When I was preparing to attend ThrillerFest VI, sponsored by International Thriller Writers (ITW) and held this year July 6‚ 9 in New York, LJ colleague Wilda Williams told me not to miss the Debut Authors Class of 2010/2011 breakfast. She was right; this event was a real feast of new books, with each author giving a brief but heartfelt pitch. Debut authors must be publishing their first novel in any format (nonfiction is considered on a case-by-case basis) and must be appearing with an ITW-recognized publisher. No cherry picking here; these books represent the range of thriller writing today. Doubtless the experience of sitting at the dais when perhaps a year ago they were still hunting for representation was for some of the writers surreal, as ITW Multimedia chair and longtime LJ reviewer Jeff Ayers described his own ThrillerFest experience this year. For Thriller Award winners, check out this news story; see also How To Become a Thriller Author in 13 Easy Lessons. Meanwhile, here’s my take on this year’s debut class.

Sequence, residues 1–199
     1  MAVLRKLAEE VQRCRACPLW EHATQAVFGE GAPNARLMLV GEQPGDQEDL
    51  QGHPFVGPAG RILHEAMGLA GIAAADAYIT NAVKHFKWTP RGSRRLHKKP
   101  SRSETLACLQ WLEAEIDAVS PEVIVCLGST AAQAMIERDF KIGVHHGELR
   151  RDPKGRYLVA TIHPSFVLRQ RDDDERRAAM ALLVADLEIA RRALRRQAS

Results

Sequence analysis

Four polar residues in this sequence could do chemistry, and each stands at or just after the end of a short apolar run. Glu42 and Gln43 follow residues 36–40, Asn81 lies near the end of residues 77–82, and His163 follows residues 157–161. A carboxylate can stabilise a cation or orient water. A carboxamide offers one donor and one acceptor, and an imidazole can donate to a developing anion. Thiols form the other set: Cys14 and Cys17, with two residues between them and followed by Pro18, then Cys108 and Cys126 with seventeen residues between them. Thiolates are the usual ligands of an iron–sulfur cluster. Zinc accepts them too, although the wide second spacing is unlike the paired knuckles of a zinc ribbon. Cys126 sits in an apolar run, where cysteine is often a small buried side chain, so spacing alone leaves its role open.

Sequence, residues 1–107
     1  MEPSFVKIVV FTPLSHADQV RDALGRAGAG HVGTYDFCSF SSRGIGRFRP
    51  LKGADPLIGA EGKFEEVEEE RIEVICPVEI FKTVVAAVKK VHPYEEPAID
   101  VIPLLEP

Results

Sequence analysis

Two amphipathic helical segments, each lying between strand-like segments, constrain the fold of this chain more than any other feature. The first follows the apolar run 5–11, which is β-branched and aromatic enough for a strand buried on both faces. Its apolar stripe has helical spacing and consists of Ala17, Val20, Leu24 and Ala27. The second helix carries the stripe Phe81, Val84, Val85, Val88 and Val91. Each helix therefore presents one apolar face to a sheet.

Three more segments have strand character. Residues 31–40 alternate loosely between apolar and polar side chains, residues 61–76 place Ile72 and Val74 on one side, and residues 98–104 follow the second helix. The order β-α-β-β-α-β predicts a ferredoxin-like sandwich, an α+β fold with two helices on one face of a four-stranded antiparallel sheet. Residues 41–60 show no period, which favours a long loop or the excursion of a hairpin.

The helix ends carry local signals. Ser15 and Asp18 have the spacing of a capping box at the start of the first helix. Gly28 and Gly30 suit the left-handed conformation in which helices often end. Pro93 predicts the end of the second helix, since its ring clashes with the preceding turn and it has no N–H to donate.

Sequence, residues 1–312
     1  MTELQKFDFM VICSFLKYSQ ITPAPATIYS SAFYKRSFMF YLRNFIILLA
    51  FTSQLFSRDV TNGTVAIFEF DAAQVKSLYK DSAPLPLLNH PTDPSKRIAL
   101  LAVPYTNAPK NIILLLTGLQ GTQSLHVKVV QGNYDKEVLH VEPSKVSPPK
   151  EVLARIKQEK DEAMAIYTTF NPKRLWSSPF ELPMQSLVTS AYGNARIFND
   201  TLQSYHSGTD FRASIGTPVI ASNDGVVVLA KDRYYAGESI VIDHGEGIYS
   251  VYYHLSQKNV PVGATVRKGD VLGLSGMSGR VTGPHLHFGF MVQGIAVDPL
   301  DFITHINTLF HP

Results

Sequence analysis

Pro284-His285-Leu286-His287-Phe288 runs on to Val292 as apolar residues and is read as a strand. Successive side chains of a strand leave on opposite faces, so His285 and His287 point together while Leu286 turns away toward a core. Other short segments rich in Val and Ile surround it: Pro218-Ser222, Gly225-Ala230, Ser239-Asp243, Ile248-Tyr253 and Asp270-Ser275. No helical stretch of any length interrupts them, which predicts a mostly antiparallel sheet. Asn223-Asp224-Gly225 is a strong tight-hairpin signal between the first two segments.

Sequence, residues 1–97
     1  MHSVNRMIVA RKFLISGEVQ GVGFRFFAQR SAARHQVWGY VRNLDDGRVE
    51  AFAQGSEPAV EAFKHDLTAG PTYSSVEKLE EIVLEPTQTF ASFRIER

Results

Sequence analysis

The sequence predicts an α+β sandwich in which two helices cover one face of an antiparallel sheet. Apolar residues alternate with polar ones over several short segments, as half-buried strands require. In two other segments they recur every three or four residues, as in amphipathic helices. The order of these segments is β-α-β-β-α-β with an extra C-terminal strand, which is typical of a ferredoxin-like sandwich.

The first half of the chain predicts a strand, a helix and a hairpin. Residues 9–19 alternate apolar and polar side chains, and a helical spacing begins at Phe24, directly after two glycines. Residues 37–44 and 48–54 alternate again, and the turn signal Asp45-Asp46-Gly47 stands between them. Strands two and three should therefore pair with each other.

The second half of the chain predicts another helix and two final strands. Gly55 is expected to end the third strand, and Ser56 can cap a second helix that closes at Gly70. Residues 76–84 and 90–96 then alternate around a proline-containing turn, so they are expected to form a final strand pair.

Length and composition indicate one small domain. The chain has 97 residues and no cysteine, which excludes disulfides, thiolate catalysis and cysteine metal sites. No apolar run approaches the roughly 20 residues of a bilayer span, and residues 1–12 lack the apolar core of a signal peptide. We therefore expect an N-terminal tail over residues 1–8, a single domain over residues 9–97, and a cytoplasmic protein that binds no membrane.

Barney, James. The Genesis Key. HarperCollins. 2010. 480p. ISBN 9780062021380. pap. $9.99.
Dr. Kathleen Sainsbury’s research into the INDY (I’m not dead yet) gene in fruit flies might lead to a means of prolonging human life, but the publicity is instead leading her back to the murder of her archaeologist parents at a dig 30 years ago. Said PW, Barney’s fast-paced debut novel demonstrates his knowledge of ancient history, the Bible, and microbiology, as well as his fertile imagination. Final Report: Blending science and religion, this thriller wrestles with real issues.
Brannan, Sandra. In the Belly of Jonah: A Liv Bergen Mystery. Greenleaf. 2010. 288p. ISBN 9781608320509. pap. $14.95.